Liniers Counter-revolution

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Liniers Counter-revolution
Muerte de Liniers.jpg
Execution of Santiago de Liniers.
Date 1810
Location Córdoba Province (Argentina)
Participants Santiago de Liniers and other royalists from Córdoba
Outcome Counter-revolution failed, leaders executed. Córdoba supports the Primera Junta

When the May Revolution took place in Buenos Aires (modern Argentina) in 1810, the former viceroy Santiago de Liniers led an ill-fated counter-revolutionary attempt from the city of Córdoba. It was quickly thwarted by the patriotic forces of the newly formed Army of the North, led by Ortiz de Ocampo, who captured the leaders and dispatched them to Buenos Aires as prisoners. Fearing a political commotion, the Primera Junta ordered Juan José Castelli to intercept the party before the arrival, take command of the army and execute the prisoners by firing squad.

Development[edit]

On May 25, 1810, Viceroy Baltasar Hidalgo de Cisneros was deposed by the May Revolution, and replaced by the Primera Junta, requesting the other cities in the Viceroyalty of the Río de la Plata to join them and send deputies. Liniers was living by then at Córdoba. After being deposed, Cisneros sent instructions to Liniers to prepare a resistance against the revolution, granting him full powers to do so. A meeting of notable people from Córdoba, including Liniers, made a meeting to decide what to do. Only the Dean Gregorio Funes supported the actions of Buenos Aires, all the others elected to take arms against it.

The royalist perspectives were favourable: the Junta was not recognized by Paraguay, Montevideo was preparing to take actions, and Goyeneche and Nieto could bring strong reinforcements from the north. If Cordoba could stand, the fate of the Primera Junta would have been doomed.[citation needed]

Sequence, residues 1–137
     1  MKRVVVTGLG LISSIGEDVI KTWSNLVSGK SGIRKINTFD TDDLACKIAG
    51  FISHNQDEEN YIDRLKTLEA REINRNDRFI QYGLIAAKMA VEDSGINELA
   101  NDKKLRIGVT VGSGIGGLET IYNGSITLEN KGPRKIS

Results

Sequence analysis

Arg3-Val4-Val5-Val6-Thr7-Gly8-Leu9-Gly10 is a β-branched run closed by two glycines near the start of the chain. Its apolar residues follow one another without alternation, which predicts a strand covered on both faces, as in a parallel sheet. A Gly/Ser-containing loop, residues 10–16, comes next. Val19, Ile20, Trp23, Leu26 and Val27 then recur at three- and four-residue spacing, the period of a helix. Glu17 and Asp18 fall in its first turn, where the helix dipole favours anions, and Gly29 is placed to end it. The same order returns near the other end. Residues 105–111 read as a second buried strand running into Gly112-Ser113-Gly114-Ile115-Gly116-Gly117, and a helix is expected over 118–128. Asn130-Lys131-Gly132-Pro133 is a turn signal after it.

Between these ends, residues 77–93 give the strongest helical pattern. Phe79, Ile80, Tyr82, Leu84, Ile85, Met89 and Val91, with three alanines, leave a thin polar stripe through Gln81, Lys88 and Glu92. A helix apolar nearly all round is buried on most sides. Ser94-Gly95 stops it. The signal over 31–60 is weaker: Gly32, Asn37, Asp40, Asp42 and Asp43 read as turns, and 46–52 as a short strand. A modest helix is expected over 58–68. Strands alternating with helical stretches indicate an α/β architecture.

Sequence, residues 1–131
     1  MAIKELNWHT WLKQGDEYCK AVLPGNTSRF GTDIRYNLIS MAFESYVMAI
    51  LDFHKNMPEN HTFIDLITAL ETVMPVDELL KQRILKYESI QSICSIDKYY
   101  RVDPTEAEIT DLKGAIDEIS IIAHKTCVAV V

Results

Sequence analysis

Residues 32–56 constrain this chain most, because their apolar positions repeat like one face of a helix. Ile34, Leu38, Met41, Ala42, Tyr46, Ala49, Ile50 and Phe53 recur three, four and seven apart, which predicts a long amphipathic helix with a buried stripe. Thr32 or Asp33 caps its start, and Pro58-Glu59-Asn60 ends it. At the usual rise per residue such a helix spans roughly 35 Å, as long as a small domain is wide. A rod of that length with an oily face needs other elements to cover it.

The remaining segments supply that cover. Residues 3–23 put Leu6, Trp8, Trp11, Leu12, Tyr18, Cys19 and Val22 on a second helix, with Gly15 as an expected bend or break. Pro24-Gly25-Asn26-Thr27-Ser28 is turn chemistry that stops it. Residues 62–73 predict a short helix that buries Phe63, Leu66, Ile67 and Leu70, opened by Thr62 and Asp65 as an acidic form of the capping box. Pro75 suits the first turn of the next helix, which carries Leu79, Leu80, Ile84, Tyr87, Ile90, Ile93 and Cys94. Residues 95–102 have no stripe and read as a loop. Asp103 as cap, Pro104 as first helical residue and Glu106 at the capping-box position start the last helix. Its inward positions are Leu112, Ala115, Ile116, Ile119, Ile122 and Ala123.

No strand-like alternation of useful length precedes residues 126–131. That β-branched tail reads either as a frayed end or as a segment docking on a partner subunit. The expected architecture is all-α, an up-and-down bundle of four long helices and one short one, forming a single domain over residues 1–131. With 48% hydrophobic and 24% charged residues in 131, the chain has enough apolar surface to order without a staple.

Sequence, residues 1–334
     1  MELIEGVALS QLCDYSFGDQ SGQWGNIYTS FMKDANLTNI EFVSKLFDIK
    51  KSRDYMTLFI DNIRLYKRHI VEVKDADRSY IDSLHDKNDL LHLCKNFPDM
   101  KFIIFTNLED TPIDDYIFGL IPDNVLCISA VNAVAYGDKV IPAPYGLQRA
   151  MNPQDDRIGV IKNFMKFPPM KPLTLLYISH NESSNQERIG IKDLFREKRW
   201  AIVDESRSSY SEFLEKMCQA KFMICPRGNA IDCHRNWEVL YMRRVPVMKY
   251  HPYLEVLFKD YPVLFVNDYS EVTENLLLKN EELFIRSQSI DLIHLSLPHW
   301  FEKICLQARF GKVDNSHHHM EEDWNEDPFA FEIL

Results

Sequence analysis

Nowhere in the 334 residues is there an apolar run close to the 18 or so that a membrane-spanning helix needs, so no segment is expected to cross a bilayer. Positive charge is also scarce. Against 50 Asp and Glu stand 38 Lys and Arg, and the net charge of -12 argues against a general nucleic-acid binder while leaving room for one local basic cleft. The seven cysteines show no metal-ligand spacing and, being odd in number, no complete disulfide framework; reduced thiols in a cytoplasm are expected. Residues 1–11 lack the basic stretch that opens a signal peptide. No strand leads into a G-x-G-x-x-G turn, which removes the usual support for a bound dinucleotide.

The Junta decided then that the best strategy would be to act immediately against the counter-revolution in Cordoba. Francisco Ortiz de Ocampo prepared an army and headed to Córdoba, with orders from the Junta to take the leaders prisoners. A later order would request instead the death of the counter-revolutionaries. Although this ruling is commonly attributed to Mariano Moreno, it was supported and signed by all members of the Junta, with the sole exception of Manuel Alberti, who couldn't approve the capital punishment because of his religious titles.

There was no battle: all the forces gathered by Liniers deserted, and he was left alone. He intended to escape to the north and join the armies of Nieto and Goyeneche, but Ocampo managed to capture him and the other leaders. However, he didn't shoot them, but dispatched them as prisoners to Buenos Aires, following the first orders and a petition by the population of Córdoba.

Mariano Moreno did not accept this, fearing that the prestige of Liniers may cause a political commotion if held prisoner or executed in the city. He requested then the vocal Juan José Castelli to intercept the convoy, take command of the army and enforce the ruling. By this time, the bishop Orellana was spared from the death sentence.

Castelli got to the prisoners in time, and shot them without trial at Cabeza de Tigre.

After the patriotic success, the administration of Córdoba was purged of royalists, and Pueyrredón was designated as new governor. A following open cabildo choose Funes as the deputy decreed by the Junta. The army would keep the march to the north, to the First Alto Perú campaign.

Bibliography[edit]